Dogs are our best buds, and they make any adventure all the more fun. So, of course, we want to take our dogs when we go camping. However, bringing our fur friends requires a bit more effort if you use a tent rather than an RV. But we’ve got 20 tips on camping with dogs to help smooth the journey.
How to go camping with a dog in a tent in 20 easy steps:
- Only camp where dogs are welcome
- Do not leave dogs alone
- Have flea and tick up-to-date
- Fit collars with your details
- Bring extra insulation for the dog bed
- Bring a playpen for smaller puppers
- Have plenty of bags for dog waste
- Bring a dog first aid kit with a tick key
- And more…
Table of Contents
1. Select A Dog Friendly Tent
Dogs bring added joy to camping, but they also take up room. A two-person tent might be big enough for a single person and a fur pal, but it won’t stretch to sleeping for three unless your pupper is a chihuahua.
A dog-friendly tent also requires:
- Easy cleaning
- Easy maintenance
- Good ventilation
Larger dog-friendly tents often feature a separate screened section where the dogs are “in” the tent without being “in with you.” Having a separate, less insulated area helps dogs that easily get hot or have a habit of licking your face at o’dark early.
2. Introduce Your Dog To The Tent Before Camping
Introduce your dogs to the tent before setting off. It will help anxious dogs, bringing some sense of familiarity when you reach the new setting. Letting them scope out the tent also allows you to note any “spooky” corners and to introduce new sounds from Velcro, zippers, and flapping panels.
Showing dogs the tent beforehand also cuts back on the “excitement” some of the more energetic pets display when being presented with a new adventure. Yes, the dogs will still go bananas when reaching the site. But at least at bedtime, you have a fighting chance of them calming down.
3. Only Camp Where Dogs Are Welcome
It’s essential to only camp where your dogs are welcome. Failure to do so risks making your trip a bummer and putting your dogs in danger. Also, consider trying out a roomy, less populated dog-friendly camping area if this is your first time camping with your best friend, or you have multiple tail-waggers. Crowded campsites often result in excessive barking and grumpy neighbors.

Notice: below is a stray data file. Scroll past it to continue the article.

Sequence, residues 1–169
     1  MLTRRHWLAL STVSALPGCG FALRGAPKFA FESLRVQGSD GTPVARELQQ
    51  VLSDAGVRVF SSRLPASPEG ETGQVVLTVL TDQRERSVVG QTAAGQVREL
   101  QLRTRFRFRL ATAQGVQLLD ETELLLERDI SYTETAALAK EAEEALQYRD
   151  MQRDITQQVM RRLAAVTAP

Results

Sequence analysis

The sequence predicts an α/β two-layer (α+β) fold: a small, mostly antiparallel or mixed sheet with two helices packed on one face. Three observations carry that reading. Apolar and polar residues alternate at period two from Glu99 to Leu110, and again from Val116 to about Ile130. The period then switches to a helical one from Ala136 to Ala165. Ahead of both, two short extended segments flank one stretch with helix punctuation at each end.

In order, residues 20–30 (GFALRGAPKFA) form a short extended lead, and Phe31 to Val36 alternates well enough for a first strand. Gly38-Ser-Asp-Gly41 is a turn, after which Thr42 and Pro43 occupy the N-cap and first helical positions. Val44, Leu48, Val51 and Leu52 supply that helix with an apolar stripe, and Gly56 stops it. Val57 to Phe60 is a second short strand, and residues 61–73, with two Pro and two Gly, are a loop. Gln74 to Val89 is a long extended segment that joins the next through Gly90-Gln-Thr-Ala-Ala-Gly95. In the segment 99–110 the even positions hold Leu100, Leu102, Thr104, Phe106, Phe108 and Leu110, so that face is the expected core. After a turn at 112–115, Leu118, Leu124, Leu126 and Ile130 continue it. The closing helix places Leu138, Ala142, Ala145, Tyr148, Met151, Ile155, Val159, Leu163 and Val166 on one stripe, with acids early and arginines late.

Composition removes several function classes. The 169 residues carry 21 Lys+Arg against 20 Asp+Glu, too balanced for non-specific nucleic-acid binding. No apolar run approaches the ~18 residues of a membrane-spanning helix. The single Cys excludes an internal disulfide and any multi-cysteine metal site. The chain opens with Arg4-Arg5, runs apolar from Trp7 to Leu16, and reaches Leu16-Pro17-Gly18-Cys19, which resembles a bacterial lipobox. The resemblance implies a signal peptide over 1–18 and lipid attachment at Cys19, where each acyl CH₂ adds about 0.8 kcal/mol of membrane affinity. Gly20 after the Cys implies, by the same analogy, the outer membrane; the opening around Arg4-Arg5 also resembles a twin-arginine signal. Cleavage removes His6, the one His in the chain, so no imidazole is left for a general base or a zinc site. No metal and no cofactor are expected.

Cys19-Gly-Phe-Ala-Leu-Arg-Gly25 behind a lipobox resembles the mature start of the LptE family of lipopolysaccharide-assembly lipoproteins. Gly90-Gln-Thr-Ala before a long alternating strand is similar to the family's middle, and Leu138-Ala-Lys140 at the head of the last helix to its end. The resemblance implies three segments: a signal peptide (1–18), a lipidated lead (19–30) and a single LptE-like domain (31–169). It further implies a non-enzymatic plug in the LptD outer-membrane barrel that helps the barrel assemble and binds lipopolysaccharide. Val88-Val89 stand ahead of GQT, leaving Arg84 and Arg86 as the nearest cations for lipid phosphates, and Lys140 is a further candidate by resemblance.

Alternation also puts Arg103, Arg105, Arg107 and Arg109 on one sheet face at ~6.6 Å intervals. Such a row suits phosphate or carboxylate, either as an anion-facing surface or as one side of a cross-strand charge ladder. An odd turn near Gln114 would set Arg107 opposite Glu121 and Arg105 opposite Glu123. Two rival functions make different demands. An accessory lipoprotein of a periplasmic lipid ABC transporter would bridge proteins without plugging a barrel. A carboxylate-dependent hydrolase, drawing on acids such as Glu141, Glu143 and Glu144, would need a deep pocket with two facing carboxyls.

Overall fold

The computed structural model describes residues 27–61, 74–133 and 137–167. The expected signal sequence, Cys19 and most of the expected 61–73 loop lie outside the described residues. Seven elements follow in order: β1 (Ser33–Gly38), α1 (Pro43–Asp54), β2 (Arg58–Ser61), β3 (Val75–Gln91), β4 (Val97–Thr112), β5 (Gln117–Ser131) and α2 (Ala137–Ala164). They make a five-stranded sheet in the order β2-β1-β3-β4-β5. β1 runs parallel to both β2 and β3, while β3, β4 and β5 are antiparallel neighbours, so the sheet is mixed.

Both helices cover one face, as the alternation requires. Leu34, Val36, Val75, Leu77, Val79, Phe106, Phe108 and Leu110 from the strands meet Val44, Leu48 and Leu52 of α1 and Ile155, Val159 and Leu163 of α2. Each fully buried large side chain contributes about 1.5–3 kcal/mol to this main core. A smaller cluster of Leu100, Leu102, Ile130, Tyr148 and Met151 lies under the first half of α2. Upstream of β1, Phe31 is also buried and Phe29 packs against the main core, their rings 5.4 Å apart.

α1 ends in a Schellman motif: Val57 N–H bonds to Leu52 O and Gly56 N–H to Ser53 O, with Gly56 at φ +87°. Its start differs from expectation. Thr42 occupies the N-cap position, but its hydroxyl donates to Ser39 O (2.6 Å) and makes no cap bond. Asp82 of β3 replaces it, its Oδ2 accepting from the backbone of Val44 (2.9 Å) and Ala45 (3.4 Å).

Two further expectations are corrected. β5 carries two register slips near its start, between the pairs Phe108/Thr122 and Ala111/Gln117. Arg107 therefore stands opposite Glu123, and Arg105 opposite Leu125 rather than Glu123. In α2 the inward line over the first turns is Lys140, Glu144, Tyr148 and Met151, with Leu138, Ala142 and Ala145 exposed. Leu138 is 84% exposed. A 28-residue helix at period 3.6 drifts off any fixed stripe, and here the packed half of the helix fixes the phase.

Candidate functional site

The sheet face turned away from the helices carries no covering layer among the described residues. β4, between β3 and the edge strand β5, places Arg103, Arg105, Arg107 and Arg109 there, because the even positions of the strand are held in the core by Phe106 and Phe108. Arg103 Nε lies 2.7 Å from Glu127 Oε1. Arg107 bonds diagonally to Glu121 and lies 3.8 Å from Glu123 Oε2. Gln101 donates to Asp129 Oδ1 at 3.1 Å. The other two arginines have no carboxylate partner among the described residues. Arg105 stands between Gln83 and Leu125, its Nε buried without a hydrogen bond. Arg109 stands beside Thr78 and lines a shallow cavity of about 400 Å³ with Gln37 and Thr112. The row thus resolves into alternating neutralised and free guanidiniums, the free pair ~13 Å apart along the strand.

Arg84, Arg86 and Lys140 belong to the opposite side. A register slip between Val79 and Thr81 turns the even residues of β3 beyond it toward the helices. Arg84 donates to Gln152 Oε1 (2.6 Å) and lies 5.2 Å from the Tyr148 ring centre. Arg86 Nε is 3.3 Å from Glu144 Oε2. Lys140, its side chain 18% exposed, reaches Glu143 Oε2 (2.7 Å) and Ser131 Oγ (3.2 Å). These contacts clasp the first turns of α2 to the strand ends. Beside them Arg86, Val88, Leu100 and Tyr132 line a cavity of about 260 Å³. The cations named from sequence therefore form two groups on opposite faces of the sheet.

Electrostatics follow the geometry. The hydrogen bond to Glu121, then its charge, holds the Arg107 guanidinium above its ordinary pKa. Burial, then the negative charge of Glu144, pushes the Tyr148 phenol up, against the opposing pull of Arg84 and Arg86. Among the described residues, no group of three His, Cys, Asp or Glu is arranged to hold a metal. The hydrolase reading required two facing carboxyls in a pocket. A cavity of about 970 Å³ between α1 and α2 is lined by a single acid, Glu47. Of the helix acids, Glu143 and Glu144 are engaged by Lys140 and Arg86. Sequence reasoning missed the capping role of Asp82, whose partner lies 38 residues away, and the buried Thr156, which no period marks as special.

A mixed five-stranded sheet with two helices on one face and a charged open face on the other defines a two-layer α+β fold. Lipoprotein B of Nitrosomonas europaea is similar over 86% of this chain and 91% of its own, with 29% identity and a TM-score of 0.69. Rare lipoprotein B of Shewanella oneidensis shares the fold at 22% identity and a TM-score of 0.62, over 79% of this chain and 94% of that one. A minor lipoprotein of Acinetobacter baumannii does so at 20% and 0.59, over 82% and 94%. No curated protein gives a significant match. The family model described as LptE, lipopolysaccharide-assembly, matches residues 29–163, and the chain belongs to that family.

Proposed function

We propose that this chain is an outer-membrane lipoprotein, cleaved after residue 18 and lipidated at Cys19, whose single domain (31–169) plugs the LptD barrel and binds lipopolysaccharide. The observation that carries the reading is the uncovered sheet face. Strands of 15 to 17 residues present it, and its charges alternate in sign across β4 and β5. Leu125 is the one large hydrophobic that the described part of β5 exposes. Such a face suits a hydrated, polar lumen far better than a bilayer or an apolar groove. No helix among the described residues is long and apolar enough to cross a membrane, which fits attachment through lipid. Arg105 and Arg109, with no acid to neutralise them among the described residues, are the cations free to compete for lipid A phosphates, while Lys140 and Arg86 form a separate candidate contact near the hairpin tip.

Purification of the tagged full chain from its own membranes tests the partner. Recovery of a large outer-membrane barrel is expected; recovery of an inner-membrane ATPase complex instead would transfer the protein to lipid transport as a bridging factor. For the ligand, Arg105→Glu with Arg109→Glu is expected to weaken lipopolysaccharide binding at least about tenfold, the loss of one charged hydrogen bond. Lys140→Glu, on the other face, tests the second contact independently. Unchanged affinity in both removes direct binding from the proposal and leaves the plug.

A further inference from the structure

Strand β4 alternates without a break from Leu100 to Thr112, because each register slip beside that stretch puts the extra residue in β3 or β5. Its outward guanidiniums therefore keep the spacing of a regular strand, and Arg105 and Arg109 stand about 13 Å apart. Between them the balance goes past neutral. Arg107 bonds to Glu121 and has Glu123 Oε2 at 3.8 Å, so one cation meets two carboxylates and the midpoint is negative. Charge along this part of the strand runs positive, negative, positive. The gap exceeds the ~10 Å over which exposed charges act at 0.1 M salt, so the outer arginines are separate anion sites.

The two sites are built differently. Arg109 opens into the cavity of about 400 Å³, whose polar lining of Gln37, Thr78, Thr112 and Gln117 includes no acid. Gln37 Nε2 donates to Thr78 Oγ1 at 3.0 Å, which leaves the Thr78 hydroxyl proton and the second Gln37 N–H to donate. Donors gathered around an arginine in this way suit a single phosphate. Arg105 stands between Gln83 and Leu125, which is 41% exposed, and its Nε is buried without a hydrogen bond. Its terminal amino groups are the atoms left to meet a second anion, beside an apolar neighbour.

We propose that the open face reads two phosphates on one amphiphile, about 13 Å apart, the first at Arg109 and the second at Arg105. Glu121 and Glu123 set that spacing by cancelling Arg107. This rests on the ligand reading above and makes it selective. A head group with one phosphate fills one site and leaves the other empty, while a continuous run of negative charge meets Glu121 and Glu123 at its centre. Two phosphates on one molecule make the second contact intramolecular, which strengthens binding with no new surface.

When selecting a dog-friendly campground, read the rules carefully. Almost all demand that your pet is on a leash or tether at all times. However, some places ban dogs from certain sections of the grounds, such as beaches, docks, or play areas. These restrictions might make camping in those locations too challenging to have a nice vacation.
Most campgrounds will clearly state their rules regarding pets. But if you don’t see any information, try to contact the place in advance. Also, if you enjoy exploring US National Parks, they have a handy map showing where your dog will be welcome.
4. Sleep With Your Dogs In Your Tent; Do Not Tether
Do not leave your dogs outside of the tent at night. A tethered dog is vulnerable to other animals. Even if you are not camping in predator country, with bears or mountain lions roaming about, there are skunks and porcupines to consider. Even a raccoon can make your dog’s night miserable.
Dogs also have a habit of barking more when in unfamiliar areas. This is because they hear unfamiliar sounds, and there are new smells in the air, all of which cause them to be unusually vocal. Such ruckus will not only disrupt your sleep but the rest of the campground.
Get a tent with a separate screened area if you have a dog (or more) that won’t leave you in peace while trying to sleep. These tents will keep your pet safe while also giving you space. Alternatively, bring your dog’s crate or playpen to keep your pet from running around the inside of the tent.
5. Do Not Leave Dogs Alone When Camping
Do not leave dogs alone when camping. Never mind the animals that could bother them; some small child might let the “sad doggy” free, wanting to play, only for your frantic pet to race off, looking for you.
Also, when left alone, dogs have a habit of barking their heads off. Even quiet “mine never barks” find their vocal cords when their person is gone. The rest of the campground doesn’t want to hear it.
Lastly, pets attract other animals to a campsite. Even if these wild and curious visitors don’t do anything to your dog, these critters could wreak havoc on your tent and coolers or even mess with your car. That’s an expensive mistake.
6. Have Dogs’ Vaccinations, Flea, And Tick Up To Date
Ensure your dogs’ vaccinations and flea, tick, and worm treatments are up-to-date before camping. Dogs love to explore, make new pupper friends, and might even eat the droppings of a wild critter. Of course, encasing your best friend in armor won’t help, but vet-approved treatments will provide an excellent defense.
7. Fit The Dogs With An LED Collar
Dogs are not as stealthy as cats, but even so, they can sometimes curl up at night and be hard to find. Ensure you can locate your canine by fitting them with an LED collar. Especially useful, so you don’t trip over your pet.
When looking for a dog collar, find one that’s water resistant enough to handle rain, such as Illumiseen, which is also USB rechargeable. However, if you are camping anywhere near a pond, lake, or ocean, get them a waterproof model. For example, Masbrill’s can handle being soaked for about an hour.
8. Fit Dog Collars With A GPS Tracker